Issue Fall 13
The development of the metal shipping container in 1956 revolutionized the shipping industry and defined the legacy of its inventor, Malcom McLean. Prior to McLean’s innovation, goods were loaded and unloaded individually in bags, boxes, crates or barrels as opposed to the more efficient method most frequently practiced today.
Josh Oren, founder and CEO of Houston-based SandBox Logistics, feels his company can do for frac sand storage and transportation what McLean did for general cargo: Make the shipping process faster and more efficient.
Oren’s company in 2011 developed the SandBox, an 8-foot by 10-foot metal crate capable of holding up to 46,500 pounds of frac sand. The box is at the core of a transportation process meant to eliminate many of the existing logistics challenges. It also helps with what the company refers to as “the three Ds:” dust, demurrage and degradation.
The SandBox is easily transported to the well site and unloaded by a forklift in less than five minutes. Once at the well site, up to 2 million pounds of material can be stored in roughly a 40-foot by 40-foot footprint. The SandBox process effectively eliminates the need for traditional sand mover equipment and actually saves pad space.
Regardless of what issues might be delaying the job at the well-site, SandBox delivery trucks can always make the delivery. This completely eliminates any detention charges at the well. Once the boxes are delivered they are placed on a cradle which conveys the sand into the blender. As boxes are emptied, they are easily replaced with full boxes.
“We wanted to create a true end-to-end solution where you could load a vessel at the mine and take it all the way through the chain to the wellhead,” Oren says. “Today, sand gets loaded into a rail hopper, brought into a region, placed into silos or just sits in rail cars, or dumped on the floor of a warehouse where loaders pick it up. It’s a laborious, time-consuming process that we wanted to eliminate while creating the lowest-cost solution we could think of.”
The company designed a SandBox railcar, which can hold four boxes and be loaded at the sand mine. The car operates exactly like a traditional hopper car and is filled through the top hatch of each SandBox. However, once the rail cars reach the destination, the boxes are simply picked off and stacked up. Rail cars can be off-loaded in a matter of minutes and returned back to origin. Nearly any rail siding can be turned into a transload terminal which allows services companies to get the material closer to the frac crew and reduce ground transportation costs. All in all, Oren believes that as much as $35 to $50 per ton can be saved in overall logistics costs depending on the region.
In addition to the SandBox itself, SandBox Logistics also developed support vehicles to assist in the transportation process. The SandBox cradle allows sand to naturally fall to the conveyor belt and is arguably the cleanest delivery process to the blender that is currently available. The SandBox process eliminates sand from being blown pneumatically, which is the biggest contributor to the silica dust problem. This dust, if inhaled over long periods of time, could be a health hazard. “Dust inhalation has been identified by OSHA as the top safety issue on a frac job,” Oren adds. “By not blowing the sand, we are eliminating that dust. That’s a pretty big deal to us, and one of the more meaningful and compelling reasons we had to begin to evaluate and test this system.”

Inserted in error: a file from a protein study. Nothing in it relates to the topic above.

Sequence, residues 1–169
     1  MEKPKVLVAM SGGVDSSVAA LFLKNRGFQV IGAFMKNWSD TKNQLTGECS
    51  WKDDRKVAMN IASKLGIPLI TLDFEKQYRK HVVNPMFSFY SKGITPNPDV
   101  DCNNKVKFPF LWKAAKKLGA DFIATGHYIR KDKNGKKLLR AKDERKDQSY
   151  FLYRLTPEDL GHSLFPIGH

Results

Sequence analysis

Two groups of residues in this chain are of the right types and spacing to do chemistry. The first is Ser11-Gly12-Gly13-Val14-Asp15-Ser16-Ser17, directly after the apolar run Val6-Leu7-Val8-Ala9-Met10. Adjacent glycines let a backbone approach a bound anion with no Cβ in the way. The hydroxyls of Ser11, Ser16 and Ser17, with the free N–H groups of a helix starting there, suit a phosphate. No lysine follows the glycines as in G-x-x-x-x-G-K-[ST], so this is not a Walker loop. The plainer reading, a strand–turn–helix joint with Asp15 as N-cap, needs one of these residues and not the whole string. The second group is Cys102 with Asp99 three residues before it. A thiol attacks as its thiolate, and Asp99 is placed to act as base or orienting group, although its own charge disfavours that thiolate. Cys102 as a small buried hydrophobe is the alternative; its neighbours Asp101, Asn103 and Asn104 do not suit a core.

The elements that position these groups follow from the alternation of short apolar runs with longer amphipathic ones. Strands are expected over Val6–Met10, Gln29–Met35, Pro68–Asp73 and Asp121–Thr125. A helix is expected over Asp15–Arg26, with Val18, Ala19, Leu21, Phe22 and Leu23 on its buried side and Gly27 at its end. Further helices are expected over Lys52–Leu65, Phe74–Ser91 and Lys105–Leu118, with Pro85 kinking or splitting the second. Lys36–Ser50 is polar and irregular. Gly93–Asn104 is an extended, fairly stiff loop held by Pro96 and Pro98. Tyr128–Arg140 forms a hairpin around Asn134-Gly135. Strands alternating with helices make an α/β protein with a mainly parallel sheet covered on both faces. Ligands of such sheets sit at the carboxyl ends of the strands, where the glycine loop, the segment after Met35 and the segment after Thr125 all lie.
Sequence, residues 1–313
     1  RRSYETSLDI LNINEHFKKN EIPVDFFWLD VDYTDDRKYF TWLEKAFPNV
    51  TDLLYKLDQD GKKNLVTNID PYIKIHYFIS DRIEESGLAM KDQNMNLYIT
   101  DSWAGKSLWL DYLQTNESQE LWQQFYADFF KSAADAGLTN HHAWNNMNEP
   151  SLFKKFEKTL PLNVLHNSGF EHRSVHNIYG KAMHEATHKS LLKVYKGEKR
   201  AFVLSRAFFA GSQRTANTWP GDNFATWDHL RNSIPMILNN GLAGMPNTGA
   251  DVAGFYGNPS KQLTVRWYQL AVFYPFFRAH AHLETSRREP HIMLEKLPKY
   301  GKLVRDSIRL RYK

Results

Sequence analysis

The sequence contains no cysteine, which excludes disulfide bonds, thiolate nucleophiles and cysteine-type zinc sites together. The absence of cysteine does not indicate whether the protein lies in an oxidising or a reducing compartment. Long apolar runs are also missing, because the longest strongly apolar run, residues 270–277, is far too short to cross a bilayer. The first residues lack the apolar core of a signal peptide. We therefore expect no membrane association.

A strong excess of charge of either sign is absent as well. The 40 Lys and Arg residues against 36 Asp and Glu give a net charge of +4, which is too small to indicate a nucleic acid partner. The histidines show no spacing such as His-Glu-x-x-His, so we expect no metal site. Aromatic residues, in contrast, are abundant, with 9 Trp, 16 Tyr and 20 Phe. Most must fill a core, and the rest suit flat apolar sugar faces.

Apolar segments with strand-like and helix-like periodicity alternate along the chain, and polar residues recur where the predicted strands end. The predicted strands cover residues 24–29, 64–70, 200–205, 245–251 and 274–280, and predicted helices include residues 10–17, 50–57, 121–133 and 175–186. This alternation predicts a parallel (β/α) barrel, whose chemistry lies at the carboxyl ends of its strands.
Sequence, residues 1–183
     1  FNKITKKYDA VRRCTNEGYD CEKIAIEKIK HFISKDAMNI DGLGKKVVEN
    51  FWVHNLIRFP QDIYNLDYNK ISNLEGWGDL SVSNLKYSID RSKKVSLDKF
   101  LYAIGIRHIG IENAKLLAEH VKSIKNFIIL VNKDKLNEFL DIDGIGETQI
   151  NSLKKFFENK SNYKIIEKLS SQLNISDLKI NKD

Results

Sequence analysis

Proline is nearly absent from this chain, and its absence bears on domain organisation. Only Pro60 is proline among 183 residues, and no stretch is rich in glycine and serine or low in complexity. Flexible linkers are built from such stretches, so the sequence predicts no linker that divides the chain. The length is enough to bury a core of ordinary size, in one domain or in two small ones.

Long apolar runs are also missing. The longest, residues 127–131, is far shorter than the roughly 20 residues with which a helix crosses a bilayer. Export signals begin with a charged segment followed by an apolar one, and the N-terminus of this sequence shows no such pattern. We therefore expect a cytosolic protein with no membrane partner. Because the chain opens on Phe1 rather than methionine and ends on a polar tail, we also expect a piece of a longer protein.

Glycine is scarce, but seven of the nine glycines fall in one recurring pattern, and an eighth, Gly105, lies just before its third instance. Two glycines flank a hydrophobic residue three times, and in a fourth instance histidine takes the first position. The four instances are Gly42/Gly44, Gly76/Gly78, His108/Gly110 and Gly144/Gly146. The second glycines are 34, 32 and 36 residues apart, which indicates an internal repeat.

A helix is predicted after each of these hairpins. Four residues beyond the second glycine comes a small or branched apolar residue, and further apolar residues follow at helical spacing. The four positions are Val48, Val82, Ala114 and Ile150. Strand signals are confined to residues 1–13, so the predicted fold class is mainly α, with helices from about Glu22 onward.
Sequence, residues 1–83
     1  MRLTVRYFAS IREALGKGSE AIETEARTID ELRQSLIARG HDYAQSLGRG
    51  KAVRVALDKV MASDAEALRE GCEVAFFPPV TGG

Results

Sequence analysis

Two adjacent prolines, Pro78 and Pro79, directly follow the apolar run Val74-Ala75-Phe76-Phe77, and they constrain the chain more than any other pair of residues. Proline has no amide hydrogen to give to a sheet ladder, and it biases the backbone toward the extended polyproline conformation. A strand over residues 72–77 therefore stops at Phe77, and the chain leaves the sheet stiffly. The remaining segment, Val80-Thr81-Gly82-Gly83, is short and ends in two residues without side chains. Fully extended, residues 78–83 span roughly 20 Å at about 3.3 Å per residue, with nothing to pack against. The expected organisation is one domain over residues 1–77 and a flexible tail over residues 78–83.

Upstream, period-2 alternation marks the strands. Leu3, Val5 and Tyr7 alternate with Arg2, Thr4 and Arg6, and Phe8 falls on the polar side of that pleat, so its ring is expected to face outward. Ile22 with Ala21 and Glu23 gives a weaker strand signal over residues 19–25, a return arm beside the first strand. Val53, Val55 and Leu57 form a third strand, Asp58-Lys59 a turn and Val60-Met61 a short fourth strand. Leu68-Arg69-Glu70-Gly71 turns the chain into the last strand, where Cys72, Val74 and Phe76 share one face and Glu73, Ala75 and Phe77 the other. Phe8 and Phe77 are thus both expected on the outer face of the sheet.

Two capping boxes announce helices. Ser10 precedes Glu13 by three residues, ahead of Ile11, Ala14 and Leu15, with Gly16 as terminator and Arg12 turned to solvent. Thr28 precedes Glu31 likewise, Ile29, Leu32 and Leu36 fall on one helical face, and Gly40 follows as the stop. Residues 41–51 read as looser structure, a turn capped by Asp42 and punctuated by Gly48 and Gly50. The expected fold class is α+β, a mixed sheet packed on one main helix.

Oren became familiar with the “three Ds” and other inefficiencies related to the standard method of frac sand transportation and storage as the owner of PSI Frac Logistics, a logistics and transportation company that delivers ceramic and natural proppants to well site locations. Demurrage in particular is a common challenge for the company. “We saw what they deal with every day, so we started to think about how to solve those problems and create something valuable to our customers so we could eliminate the detention issue, and that was the genesis of SandBox Logistics,” he says.
After more than two years of developing, engineering and patenting its creation, SandBox Logistics formally introduced it to the marketplace in 2013. The company has signed contracts with and is building equipment for several oil and gas production companies working near its base in Houston. “The economics and health and safety aspects are compelling enough to where companies are engaging and putting this equipment out in the field to see how it works,” Oren says.
Although oil and gas producers actively engaged in fracking activities are SandBox Logistics’ target customers, the company is also seeing demand from frac sand suppliers looking for an alternative – and mobile – storage method. “There’s a large capital commitment to set up silos in a particular region, and in the oil and gas industries you don’t know when the activity may change or where customers may move to,” he adds. “Sand suppliers are viewing the SandBox as an inexpensive mobile and scalable solution that eliminates the need for silos, allowing them to move their business where they need – rather than engage in a large infrastructure project – at less than 80 percent the cost of silos.
“SandBox enables proppant suppliers to create a flexible ‘store-front’ for their product without having to make bets on a specific region,” Oren notes. “Even the smallest players in the proppant market can mobilize and implement a low cost, effective logistics solution.”